In this final post in his series on annual accountability testing and students' civil rights, Marc Tucker turns his attention to the way this issue has divided the civil rights community and advocates for teachers and calls it destructive and unnecessary.


In this blog Marc explains why strong technical skills alone are not enough for students who will enter today's rapidly changing workforce. Now, more than ever, students need a solid education in the liberal arts.


In this blog, Marc Tucker responds to two critics of his earlier blog on the question of whether annual testing helps or hurts poor and minority children.


How the widespread use of cheap, multiple-choice tests in the United States prevents teachers from benefiting from one of the best forms of professional development in the field.


Why are civil rights groups fighting so hard for annual accountability testing when there is no evidence that it helps poor and minority students?


As other nations have before, the U.S. faces a stark choice between transforming its education system to deliver broadly-shared prosperity or continuing on its current path of growing income inequality, poverty and political instability.


In the search for answers and understanding in the wake of the death of Freddie Gray and the resulting riots, how can educators and school leaders foster hope and give students in challenged communities a better future?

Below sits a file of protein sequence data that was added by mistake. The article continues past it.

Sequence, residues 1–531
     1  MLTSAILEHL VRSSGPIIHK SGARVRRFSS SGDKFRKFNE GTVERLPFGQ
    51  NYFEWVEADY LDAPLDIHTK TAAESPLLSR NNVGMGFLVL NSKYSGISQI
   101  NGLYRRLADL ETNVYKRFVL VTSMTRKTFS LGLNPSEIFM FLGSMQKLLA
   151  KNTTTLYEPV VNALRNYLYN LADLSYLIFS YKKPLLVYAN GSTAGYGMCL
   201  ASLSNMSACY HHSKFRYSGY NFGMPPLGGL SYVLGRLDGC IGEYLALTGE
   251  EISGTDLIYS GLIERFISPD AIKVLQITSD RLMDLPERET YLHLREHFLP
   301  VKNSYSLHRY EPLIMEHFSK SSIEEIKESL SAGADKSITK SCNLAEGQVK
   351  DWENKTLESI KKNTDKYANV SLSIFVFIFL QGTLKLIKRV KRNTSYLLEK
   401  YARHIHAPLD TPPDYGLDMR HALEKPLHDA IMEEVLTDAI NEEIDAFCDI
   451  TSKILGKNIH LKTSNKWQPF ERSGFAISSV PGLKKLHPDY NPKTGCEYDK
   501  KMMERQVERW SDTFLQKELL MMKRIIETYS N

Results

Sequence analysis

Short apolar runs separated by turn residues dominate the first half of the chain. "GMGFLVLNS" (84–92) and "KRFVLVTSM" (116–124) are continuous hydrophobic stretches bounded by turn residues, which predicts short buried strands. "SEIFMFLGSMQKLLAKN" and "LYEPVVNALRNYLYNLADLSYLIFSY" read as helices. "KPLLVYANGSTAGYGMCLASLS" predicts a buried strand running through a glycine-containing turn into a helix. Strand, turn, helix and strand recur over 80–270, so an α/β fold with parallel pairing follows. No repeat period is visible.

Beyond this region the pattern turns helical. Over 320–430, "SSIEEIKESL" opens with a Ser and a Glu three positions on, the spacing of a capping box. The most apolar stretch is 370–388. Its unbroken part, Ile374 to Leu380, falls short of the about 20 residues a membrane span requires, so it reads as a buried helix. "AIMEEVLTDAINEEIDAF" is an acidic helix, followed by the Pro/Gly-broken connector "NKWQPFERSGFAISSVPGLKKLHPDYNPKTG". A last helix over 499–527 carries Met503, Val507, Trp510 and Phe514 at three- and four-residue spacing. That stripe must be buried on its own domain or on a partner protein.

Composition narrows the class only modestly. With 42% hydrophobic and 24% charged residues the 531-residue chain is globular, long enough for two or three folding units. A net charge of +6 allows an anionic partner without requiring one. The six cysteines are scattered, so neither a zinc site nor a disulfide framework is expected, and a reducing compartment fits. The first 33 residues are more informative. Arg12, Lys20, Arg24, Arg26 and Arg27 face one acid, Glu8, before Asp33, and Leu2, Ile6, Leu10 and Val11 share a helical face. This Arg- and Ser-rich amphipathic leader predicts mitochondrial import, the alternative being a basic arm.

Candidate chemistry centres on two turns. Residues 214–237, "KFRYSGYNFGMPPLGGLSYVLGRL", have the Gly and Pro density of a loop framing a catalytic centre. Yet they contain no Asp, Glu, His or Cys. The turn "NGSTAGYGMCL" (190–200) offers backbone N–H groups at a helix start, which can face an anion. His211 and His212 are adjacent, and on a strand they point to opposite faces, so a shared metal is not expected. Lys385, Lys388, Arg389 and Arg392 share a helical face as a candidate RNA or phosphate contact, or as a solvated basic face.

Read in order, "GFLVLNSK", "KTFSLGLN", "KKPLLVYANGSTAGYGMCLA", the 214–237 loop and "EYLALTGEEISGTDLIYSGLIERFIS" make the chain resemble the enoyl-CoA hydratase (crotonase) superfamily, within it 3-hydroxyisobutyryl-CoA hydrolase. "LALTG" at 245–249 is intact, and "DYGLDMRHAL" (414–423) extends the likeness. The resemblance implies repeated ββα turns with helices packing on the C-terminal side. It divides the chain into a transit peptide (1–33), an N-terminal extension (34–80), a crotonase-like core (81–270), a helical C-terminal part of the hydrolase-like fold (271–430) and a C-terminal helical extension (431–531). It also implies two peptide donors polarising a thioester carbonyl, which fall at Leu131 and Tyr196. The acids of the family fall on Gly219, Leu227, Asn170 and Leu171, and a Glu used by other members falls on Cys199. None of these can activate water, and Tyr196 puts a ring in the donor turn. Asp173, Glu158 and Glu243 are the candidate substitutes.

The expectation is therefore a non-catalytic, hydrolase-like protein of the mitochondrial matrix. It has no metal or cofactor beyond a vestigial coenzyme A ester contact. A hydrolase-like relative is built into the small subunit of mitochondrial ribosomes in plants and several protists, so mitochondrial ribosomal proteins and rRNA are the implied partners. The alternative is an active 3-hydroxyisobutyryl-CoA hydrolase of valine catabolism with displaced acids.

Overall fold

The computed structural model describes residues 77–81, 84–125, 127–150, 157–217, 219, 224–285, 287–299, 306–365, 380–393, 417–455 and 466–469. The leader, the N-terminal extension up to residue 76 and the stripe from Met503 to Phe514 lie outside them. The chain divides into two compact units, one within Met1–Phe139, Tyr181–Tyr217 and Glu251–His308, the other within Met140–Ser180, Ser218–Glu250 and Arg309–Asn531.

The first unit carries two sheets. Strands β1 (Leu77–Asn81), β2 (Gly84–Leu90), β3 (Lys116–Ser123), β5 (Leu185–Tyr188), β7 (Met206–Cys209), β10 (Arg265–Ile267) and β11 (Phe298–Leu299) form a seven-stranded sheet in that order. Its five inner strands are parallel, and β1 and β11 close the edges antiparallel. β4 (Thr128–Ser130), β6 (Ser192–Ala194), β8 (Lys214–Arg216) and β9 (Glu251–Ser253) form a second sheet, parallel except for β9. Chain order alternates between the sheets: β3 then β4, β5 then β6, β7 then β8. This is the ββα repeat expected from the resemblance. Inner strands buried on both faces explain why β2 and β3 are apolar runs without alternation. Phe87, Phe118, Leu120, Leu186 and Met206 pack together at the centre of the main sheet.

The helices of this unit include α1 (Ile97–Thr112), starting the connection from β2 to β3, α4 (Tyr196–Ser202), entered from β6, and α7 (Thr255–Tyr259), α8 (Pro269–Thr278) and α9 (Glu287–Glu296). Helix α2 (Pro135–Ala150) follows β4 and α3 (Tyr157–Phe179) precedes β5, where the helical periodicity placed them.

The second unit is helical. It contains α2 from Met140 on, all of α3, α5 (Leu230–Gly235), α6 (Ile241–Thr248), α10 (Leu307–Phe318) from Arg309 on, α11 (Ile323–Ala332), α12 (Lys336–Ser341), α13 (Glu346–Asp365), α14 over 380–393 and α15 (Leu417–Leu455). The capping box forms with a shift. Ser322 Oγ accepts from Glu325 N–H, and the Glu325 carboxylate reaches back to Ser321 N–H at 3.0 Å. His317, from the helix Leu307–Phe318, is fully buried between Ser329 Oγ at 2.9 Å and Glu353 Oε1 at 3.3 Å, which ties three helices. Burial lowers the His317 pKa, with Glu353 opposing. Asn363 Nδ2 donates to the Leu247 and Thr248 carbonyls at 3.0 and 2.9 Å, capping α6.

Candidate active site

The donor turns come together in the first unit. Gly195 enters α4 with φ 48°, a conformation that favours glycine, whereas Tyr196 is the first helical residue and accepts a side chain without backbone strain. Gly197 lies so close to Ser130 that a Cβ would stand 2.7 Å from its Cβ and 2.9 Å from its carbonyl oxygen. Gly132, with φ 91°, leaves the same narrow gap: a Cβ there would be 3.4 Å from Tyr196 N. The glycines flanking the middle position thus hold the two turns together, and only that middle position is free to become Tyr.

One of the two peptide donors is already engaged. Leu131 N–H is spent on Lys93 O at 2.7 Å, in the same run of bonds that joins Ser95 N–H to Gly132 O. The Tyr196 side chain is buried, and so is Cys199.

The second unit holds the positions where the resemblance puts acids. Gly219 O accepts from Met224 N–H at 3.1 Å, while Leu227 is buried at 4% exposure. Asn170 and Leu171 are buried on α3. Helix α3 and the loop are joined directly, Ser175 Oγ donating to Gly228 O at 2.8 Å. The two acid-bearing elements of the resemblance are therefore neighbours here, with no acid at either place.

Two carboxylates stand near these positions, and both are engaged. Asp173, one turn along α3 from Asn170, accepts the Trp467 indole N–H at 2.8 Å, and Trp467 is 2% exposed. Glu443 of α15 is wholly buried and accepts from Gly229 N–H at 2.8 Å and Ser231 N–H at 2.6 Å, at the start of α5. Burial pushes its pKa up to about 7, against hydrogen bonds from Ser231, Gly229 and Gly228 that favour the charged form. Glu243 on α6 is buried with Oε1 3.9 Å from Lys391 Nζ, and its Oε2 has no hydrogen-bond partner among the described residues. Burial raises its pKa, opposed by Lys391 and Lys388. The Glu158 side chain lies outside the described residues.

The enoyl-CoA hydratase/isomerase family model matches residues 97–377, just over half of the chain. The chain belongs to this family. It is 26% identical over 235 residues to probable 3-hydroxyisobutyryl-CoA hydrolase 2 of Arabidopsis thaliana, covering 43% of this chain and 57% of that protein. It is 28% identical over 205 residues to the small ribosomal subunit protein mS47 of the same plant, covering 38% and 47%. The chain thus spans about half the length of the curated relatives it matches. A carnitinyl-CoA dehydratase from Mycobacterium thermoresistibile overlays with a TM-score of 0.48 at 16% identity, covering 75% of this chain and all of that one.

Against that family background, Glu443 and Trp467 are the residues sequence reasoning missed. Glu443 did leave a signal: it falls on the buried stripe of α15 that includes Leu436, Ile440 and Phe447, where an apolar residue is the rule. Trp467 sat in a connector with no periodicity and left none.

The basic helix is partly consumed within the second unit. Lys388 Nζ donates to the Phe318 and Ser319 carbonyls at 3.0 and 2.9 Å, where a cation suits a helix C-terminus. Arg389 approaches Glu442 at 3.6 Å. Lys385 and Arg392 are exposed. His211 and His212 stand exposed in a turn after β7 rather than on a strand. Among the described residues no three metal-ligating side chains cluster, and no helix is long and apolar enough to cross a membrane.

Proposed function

The U.S. high school diploma is too often little more than an attendance certificate. Creating a real qualifications system would empower students, give them the skills to compete in the global economy and make our education system more equitable.


High achievement in reading, writing, mathematics, science and problem solving is essential. But our goals for educating young people should include much, much more than just raising test scores in these areas.


How a broad range of factors have led to an across-the-board decline of standards in American education over the last 45 years.


The opinions expressed in Top Performers are strictly those of the author(s) and do not reflect the opinions or endorsement of Editorial Projects in Education, or any of its publications.

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